Well, after five days I feel compelled to write something about the newest “push pin spot” on my world map.
The first thing…today(Friday) at noon I heard the call to prayer. There’s something very reassuring about that. It’s not spiritual or religious for me…it’s a ritual. But it says to me that “life is moving forward in an orderly fashion”. The call to prayer here is not nearly as loud as it was in Cairo…but…it’s there. And that’s nice.
Take an old 60s or 70s movie about the Soviet Union and you have Tajikistan. It’s a hard place to describe in many ways: massive, older buildings all in a shade of gray that feels like a bleak filmy substance creeping across the landscape. It has an interesting architecture–rather a mix of mid-evil Europe with a touch of Asian/Mongolian. But all Soviet.
Things seem tired and worn out. Roads–although not FULL of potholes–are certainly showing the passage of time. There’s nothing of what I’ve seen so far that’s flashy and new. And in that respect it’s a tremendous contrast from Cairo–and the capital cities in Upper Egypt—where there was so much new construction that spoke to a more modern style of building–and certainly lots more glass.
That’s not to say there’s not some interesting if not attractive buildings. They are here==just different. And certainly, the backdrop of mountains that blanket all you see–many snowcapped rising majestically up to the sky…well, that’s breathtaking. And when you think of it—who needs man made beauty when God has given you something as amazing as the mountains and rivers and streams rushing down to the city?
But, then, it’s realy all about the people. So far my impressions are they are very hard-working; generous; struggling to accommodate incredible changes since leaving the Soviet Union. Most of the older and middle aged folks I’ve had short conversations with–office staff here–are nostalgic about the old days when there was plenty of food to eat, a guaranteed free education for their children through college, decent medical care for everyone. Now, they have joined the ranks of the free-world and have to worry about tomorrow and whether or not the meager salaries they earn will cover the necessities in their lives. And like so many people around the world are contemplating whether their aging parents will have the resources they need to meet their needs.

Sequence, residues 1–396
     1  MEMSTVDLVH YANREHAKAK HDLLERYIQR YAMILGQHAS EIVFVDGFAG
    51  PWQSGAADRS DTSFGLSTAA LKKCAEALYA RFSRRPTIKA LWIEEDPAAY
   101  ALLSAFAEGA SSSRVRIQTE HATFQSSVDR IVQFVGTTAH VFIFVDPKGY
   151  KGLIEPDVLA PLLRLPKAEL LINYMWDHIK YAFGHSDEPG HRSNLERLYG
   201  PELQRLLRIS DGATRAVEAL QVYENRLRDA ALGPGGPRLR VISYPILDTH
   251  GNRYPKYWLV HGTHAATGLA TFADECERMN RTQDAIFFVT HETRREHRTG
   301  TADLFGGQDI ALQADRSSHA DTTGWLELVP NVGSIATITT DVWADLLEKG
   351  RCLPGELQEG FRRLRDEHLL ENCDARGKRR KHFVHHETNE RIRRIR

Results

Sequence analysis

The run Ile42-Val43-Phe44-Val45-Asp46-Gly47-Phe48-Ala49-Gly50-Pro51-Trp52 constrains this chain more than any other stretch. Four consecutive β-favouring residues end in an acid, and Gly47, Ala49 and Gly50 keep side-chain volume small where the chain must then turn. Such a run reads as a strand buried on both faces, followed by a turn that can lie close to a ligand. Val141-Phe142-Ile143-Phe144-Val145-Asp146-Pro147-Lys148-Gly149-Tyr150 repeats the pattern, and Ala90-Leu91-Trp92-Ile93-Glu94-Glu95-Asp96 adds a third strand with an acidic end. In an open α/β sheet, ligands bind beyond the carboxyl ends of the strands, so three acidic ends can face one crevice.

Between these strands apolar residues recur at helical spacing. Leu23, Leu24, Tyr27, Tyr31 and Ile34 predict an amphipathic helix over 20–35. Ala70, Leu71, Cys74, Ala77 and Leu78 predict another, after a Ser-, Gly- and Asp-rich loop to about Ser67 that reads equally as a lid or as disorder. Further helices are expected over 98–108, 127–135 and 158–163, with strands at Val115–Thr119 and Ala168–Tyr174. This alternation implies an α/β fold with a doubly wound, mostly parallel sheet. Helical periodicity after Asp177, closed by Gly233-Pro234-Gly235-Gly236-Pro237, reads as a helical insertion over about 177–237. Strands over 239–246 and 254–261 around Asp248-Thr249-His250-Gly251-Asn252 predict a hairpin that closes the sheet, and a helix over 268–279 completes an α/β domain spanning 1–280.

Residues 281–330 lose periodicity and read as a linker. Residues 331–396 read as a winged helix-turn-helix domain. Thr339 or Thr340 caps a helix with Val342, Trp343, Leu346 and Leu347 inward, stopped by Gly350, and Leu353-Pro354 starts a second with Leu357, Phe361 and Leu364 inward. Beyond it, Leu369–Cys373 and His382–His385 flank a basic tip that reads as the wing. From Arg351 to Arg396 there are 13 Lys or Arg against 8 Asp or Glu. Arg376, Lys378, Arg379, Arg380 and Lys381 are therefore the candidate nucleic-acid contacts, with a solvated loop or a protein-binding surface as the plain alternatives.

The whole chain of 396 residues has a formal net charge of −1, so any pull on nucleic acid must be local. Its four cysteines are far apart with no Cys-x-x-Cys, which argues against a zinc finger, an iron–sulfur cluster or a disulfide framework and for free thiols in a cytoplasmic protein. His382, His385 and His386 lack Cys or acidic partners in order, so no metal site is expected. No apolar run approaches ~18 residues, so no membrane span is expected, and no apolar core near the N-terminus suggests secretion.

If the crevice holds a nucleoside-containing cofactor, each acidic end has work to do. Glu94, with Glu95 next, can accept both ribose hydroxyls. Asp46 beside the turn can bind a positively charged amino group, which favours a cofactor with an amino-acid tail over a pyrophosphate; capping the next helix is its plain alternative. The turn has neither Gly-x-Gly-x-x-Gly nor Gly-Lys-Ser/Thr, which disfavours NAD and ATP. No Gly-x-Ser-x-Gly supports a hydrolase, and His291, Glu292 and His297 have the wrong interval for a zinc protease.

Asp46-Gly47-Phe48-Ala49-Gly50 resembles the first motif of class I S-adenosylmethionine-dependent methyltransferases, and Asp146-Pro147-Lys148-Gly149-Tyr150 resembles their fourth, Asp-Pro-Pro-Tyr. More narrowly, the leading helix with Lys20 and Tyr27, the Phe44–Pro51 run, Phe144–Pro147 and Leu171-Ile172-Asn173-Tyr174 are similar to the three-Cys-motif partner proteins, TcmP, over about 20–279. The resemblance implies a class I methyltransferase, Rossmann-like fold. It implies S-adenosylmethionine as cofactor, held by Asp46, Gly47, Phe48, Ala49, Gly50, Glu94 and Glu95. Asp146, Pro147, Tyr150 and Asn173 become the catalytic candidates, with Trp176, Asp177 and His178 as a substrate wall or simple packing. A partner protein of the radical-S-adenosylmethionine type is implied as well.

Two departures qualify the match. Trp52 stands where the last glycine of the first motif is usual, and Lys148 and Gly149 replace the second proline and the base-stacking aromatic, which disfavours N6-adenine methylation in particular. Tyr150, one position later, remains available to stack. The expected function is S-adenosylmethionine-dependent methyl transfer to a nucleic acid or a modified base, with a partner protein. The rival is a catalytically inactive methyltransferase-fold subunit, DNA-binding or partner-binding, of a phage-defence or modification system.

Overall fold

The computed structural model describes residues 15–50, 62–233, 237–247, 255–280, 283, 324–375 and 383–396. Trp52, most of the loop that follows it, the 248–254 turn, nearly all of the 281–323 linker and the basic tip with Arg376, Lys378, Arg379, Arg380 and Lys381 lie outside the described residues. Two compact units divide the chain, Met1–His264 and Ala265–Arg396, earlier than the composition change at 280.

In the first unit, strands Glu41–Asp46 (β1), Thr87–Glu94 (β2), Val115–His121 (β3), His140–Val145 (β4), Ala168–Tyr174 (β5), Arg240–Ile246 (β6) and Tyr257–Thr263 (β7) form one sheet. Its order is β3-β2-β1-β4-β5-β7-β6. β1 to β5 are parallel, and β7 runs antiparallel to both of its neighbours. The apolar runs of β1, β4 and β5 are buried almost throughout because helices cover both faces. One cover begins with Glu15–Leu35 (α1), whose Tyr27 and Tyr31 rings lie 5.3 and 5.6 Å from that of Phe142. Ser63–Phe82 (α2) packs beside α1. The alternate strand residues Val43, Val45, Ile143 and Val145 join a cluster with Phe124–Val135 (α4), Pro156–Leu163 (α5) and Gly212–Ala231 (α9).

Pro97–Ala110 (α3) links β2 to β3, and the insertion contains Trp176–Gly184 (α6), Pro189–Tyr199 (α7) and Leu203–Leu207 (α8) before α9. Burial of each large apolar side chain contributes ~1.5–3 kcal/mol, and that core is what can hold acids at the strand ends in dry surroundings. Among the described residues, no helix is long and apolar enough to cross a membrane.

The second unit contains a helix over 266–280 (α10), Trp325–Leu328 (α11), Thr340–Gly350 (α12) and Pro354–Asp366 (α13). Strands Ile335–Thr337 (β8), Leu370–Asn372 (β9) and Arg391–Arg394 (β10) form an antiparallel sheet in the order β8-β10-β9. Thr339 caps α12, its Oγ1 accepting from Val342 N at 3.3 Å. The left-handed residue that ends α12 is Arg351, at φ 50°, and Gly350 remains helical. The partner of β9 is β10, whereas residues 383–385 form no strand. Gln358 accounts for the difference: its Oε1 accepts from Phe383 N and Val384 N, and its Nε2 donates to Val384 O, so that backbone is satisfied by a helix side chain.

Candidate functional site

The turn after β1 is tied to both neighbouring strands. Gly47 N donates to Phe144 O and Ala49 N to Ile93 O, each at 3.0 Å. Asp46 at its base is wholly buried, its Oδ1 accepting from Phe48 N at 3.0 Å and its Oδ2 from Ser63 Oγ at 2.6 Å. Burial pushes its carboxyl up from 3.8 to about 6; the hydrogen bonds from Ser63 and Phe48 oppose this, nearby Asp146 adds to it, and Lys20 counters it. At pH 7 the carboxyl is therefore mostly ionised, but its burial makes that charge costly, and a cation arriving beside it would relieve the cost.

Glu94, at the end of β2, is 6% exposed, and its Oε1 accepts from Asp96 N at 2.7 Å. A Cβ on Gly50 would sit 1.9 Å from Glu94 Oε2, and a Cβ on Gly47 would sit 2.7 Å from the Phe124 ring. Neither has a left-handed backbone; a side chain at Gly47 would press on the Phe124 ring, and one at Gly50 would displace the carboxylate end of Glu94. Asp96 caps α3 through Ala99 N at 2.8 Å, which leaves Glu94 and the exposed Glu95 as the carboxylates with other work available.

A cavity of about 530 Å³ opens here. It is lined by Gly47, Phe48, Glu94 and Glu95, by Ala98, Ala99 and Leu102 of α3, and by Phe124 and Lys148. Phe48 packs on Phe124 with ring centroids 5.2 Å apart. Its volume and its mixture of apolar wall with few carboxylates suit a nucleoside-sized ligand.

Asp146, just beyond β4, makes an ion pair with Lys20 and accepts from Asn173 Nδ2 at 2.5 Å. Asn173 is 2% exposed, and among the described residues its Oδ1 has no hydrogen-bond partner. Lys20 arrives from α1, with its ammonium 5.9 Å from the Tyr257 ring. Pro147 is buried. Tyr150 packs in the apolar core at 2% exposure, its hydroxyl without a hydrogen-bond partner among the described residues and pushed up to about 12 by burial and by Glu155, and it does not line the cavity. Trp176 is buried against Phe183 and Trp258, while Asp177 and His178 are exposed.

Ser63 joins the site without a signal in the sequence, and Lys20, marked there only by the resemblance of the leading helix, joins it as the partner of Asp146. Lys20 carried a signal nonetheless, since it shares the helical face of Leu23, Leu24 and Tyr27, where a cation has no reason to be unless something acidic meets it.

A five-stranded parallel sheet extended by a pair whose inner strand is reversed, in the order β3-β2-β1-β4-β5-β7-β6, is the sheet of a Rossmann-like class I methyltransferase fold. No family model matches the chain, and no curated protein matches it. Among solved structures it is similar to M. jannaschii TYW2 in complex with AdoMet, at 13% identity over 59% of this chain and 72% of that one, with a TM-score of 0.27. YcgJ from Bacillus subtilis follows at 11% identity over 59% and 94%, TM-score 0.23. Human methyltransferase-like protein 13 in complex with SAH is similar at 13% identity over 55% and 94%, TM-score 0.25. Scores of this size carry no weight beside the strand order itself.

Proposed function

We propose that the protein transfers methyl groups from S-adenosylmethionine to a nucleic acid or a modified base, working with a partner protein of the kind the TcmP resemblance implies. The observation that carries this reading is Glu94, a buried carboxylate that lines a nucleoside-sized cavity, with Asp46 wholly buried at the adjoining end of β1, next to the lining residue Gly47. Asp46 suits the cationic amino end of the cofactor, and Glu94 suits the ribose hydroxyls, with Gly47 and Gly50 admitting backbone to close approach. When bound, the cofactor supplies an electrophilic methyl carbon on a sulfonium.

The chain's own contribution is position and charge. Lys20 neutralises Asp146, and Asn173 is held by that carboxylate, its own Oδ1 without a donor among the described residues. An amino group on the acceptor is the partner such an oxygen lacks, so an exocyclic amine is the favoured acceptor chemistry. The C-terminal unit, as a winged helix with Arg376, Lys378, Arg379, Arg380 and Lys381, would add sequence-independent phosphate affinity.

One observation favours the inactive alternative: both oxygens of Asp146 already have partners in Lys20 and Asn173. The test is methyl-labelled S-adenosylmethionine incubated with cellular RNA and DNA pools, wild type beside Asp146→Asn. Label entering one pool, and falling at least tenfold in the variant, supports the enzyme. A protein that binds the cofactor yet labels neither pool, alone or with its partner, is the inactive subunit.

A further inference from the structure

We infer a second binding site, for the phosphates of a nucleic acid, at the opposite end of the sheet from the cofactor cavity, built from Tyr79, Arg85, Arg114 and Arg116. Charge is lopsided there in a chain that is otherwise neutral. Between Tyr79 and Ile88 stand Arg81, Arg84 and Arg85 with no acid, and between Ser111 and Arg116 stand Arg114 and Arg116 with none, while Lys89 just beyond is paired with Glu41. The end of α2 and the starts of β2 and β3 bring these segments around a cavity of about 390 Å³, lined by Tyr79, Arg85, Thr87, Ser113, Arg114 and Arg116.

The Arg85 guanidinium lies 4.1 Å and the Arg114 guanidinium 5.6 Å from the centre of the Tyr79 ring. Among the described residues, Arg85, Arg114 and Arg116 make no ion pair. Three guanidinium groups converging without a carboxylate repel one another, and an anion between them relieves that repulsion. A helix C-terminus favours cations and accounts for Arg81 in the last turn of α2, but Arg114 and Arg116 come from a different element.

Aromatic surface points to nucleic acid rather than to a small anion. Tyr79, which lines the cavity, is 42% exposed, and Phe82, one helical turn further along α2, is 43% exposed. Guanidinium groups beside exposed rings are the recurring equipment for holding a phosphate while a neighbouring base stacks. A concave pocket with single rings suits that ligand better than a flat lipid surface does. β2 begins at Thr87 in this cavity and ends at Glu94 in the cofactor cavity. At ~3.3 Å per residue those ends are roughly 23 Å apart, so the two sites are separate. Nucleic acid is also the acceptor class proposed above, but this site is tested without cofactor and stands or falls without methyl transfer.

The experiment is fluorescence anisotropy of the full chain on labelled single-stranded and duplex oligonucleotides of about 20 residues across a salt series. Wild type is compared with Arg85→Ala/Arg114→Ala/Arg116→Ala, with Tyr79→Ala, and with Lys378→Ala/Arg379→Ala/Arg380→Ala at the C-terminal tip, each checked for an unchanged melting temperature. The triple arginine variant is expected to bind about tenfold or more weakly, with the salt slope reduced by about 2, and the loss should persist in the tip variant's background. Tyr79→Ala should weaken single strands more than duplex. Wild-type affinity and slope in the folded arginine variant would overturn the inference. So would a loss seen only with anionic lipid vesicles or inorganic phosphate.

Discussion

One of the ladies who works in the office was talking to me about her daughter and two grand-daughters and her daughter’s struggle to be a working mom. Overworked; exhausted; no time to do any quality things with her family. It struck a nerve with me. I shared with her that a few weeks ago my daughter (mom of 4) had several of the women in her neighborhood over for a ladies night out. In the course of their discussions a common theme emerged among them: FATIGUE. Not all of them worked OUTSIDE OF THE HOME (emphasis to underscore that stay-at-home moms work equally hard just doing different kinds of things and get very little credit for all they do and certainly NO salary –and don’t get me started on their husbands compensate them…). EVERYTHING including (or maybe particularly) intimacy with the most meaningful people in their lives (aka husband and kids) takes second place to a long nap and good night’s sleep. Not because they’re lazy…nope…they just desperately need that extra sleep just to survive their grueling schedules and relentless work demands. So, I shared with her their lament about the mind-numbing, soul numbing endless tasks that consume their lives and rarely allows them time to enjoy so many of the most basic things in life.
As I contemplate all of this sitting at the table in the room in the office of the aging building on the well-worn street in the evolving little town that overlooks the soaring mountains in the tiny corner of the world where Tajikistan barely holds its own in a part of the world gone mad, I am able to ponder the most important thing I’ve learned over the years: no matter where we are—we are all pretty much the same. As far as I see it–no surprises there really. And it gives me some hope that maybe if we all begin to understand that we’re so much more alike than we are different and embrace our similarities–well maybe we’ll get our act together and be able to live in peace. I hope so anyway.